The Rehab Cycle
The rehabilitative treatment at the Early Rehabilitation Unit began with the health care team’s assessment of both the patient’s perspective and the health professionals’ perspective and was defined to last for four weeks.
As with each Rehab Cycle, these perspectives were based on Mr. Seiler’s body functions and structures, activities, participation and environmental and personal factors. The information and data obtained here would inform the next phases of the cycle.
... impaired gait patterns and a lack of coordination functions increase the risk for falls.
Important elements of Mr. Seiler’s perspective included aspects of body functions, which focused on the pain in his hands and activities/participation, which centered on aspects of mobility and independence.
The combination of reduced muscle power and extreme pain in the hands limited Mr. Seiler in performing different tasks with his hands, e.g. to manipulate objects and to do self-care activities like washing and dressing himself. In these activities he was dependent to the nurses at the time of assessment.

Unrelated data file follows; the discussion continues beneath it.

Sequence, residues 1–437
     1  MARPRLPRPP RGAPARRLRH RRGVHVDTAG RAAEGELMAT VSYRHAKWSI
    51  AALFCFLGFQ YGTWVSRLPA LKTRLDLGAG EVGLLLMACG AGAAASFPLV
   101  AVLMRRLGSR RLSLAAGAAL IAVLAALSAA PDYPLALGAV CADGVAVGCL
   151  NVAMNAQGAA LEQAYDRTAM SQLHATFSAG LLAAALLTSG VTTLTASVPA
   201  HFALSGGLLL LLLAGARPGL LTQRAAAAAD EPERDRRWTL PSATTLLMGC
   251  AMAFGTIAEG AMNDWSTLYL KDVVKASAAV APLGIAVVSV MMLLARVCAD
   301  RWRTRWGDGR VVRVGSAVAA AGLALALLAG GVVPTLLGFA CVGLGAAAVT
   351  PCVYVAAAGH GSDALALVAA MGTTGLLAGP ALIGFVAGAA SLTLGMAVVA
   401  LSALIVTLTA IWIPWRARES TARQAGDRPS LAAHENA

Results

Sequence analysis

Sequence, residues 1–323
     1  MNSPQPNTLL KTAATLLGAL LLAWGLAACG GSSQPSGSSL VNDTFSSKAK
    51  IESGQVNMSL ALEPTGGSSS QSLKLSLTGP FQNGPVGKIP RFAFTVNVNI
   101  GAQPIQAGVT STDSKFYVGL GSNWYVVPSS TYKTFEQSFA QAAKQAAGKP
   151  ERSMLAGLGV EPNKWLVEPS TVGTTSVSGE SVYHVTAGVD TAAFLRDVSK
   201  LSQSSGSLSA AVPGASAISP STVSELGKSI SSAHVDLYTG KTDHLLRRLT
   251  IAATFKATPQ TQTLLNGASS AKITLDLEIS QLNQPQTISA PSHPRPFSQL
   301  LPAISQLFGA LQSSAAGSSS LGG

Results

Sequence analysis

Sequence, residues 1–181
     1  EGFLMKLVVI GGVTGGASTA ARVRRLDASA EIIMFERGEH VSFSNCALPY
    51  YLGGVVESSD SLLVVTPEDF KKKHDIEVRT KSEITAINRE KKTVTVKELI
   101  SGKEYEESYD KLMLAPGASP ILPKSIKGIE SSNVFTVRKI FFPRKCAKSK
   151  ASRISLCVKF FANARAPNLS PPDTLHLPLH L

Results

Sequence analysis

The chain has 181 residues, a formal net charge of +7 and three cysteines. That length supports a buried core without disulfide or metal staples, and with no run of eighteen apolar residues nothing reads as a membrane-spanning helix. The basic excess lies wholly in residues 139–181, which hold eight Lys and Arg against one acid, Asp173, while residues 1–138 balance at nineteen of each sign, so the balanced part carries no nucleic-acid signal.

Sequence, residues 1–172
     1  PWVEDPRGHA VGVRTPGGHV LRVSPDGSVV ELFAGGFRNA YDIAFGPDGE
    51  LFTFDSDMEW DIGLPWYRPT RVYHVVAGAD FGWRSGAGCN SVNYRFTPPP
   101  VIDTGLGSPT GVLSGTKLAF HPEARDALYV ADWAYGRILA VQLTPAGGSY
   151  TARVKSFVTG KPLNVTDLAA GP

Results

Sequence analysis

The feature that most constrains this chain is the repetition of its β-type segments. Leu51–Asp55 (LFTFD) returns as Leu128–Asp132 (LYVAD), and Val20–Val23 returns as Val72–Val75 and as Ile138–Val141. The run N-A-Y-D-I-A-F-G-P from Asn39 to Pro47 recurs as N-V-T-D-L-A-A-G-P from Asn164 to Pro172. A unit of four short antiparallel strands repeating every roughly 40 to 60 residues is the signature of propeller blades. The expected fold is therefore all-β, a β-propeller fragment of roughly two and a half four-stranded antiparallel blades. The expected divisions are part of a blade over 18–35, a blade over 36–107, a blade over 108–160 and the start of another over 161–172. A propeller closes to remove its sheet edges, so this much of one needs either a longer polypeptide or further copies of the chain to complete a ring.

Regarding the reduced muscle power in the lower extremity he was not able to climb stairs. Walking on flat surfaces was associated with a feeling of weakness and insecurity.
The result of the health professionals’ assessment confirmed this subjective perspective, since impaired gait patterns and the lack of coordination functions increased the risk for falls. Consequently Mr. Seiler was not allowed to walk on his own at this point in time.
Additionally, they found other relevant aspects and elements that could be addressed in the Rehab Cycle. These are outlined in detail in the ICF Assessment Sheet seen in Figure 3. Many center on body and activity functionality, but also take note of Mr. Seiler’s strong will and disciplined personality, an important factor in moving forward with his rehabilitation.
Figure 1: ICF Assessment Sheet